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M. Bakri Musa

Seeing Malaysia My Way

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Location: Morgan Hill, California, United States

Malaysian-born Bakri Musa writes frequently on issues affecting his native land. His essays have appeared in the Far Eastern Economic Review, Asiaweek, International Herald Tribune, Education Quarterly, SIngapore's Straits Times, and The New Straits Times. His commentary has aired on National Public Radio's Marketplace. His regular column Seeing It My Way appears in Malaysiakini. Bakri is also a regular contributor to th eSun (Malaysia). He has previously written "The Malay Dilemma Revisited: Race Dynamics in Modern Malaysia" as well as "Malaysia in the Era of Globalization," "An Education System Worthy of Malaysia," "Seeing Malaysia My Way," and "With Love, From Malaysia." Bakri's day job (and frequently night time too!) is as a surgeon in private practice in Silicon Valley, California. He and his wife Karen live on a ranch in Morgan Hill. This website is updated twice a week on Sundays and Wednesdays at 5 PM California time.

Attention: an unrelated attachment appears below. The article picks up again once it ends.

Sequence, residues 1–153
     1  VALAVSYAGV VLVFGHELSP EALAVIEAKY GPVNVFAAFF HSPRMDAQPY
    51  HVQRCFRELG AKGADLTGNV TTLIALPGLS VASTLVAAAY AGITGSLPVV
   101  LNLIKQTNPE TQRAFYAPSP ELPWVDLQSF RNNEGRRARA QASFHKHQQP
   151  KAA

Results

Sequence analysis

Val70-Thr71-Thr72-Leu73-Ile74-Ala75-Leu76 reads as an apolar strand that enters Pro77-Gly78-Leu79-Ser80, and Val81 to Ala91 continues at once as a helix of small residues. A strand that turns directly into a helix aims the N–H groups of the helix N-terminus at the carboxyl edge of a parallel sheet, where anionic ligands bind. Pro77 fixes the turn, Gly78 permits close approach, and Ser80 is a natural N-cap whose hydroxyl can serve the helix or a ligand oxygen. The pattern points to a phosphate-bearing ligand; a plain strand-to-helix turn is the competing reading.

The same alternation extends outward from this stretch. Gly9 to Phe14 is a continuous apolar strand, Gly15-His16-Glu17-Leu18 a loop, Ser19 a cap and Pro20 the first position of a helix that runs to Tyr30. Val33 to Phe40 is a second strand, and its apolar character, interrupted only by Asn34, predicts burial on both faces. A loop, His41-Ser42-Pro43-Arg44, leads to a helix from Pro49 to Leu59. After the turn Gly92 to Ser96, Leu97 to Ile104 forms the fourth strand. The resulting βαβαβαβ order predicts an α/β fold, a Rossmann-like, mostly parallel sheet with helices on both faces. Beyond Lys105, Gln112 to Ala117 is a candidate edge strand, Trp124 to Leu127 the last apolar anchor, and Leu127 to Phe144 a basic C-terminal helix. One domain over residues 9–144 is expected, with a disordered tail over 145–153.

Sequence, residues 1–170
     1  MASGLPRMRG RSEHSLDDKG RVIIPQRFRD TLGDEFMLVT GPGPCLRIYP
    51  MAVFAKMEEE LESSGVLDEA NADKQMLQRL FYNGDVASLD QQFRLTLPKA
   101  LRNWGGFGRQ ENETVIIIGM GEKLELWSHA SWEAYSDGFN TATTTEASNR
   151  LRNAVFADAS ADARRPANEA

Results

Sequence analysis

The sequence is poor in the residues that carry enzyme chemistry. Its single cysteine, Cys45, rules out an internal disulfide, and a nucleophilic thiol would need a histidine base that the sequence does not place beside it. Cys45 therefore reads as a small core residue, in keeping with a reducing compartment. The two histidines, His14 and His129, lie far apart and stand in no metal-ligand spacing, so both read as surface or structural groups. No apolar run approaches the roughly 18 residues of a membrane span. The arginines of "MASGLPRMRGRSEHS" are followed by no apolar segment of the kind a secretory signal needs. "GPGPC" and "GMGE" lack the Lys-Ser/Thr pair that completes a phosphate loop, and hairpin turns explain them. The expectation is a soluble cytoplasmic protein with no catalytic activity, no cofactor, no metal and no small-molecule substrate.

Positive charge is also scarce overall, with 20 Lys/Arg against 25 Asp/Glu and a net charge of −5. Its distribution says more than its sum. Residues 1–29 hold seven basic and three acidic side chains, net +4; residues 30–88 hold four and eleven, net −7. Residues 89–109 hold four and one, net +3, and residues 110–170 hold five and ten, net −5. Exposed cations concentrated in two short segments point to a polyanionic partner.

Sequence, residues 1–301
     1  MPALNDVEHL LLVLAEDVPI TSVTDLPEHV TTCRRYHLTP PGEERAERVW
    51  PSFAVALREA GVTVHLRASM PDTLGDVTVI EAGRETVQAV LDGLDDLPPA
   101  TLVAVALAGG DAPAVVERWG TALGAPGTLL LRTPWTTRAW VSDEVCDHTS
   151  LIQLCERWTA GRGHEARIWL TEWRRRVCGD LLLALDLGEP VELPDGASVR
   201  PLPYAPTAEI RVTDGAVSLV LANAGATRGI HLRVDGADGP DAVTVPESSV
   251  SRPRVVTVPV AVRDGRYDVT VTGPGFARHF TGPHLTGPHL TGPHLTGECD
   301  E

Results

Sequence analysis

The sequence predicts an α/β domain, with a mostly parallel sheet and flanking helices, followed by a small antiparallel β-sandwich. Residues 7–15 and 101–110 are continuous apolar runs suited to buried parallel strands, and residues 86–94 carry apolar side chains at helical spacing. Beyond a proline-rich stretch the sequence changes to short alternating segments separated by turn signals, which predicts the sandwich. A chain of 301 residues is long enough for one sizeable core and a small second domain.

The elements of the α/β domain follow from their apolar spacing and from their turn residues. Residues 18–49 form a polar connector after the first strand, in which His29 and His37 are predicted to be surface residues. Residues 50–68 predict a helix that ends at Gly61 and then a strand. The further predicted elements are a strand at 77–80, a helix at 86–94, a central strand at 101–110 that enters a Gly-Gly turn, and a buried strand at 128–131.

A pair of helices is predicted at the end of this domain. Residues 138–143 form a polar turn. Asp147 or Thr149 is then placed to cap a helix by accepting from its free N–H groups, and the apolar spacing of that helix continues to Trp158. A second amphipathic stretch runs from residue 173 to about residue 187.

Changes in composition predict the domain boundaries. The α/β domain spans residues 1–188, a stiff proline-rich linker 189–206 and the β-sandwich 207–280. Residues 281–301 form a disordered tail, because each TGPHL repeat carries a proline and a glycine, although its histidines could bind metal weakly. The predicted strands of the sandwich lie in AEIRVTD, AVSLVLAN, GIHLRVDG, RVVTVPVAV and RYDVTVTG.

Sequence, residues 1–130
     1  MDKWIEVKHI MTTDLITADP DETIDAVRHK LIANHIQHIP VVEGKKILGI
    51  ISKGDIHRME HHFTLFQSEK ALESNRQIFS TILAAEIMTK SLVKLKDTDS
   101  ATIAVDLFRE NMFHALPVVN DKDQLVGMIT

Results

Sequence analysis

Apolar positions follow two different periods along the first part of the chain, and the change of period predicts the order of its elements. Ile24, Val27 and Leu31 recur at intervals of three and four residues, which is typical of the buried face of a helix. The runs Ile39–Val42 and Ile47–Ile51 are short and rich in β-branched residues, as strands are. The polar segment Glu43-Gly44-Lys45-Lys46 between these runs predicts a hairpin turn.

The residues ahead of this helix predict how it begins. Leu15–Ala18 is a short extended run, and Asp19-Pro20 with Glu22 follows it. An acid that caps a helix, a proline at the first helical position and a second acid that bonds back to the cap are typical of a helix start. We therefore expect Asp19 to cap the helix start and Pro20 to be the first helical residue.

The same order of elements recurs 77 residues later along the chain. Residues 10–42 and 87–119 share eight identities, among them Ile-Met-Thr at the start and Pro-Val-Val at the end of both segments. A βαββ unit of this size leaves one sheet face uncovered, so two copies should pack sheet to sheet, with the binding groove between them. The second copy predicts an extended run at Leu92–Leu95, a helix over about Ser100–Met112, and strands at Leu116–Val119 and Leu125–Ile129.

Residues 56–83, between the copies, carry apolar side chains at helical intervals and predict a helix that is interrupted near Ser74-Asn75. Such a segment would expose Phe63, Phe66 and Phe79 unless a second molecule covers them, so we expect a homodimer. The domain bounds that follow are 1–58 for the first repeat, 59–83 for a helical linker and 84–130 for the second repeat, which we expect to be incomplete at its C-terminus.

Sunday, July 30, 2006

Melayu Baru Versus Melayu Barua

Melayu Baru Versus Melayu Barua

There is very little display of civility among Malay leaders, reflecting their lack of class and social finesse. Embarrassing though that might be, it does not concern me. Far more consequential is that such boorish behaviors set the tone for their followers.

The recent tear gas incident involving former Prime Minister Tun Mahathir is one such consequence. Expect more, and even much more ugly confrontations if the present trend continues.

When Tunku Abdul Rahman was Prime Minister, he used to have social gatherings outside of official functions so leaders and their spouses could get together and know each other better at the personal level. Such interactions act as a useful and necessary social lubricant. The goodwill generated would spill over to their official and other spheres.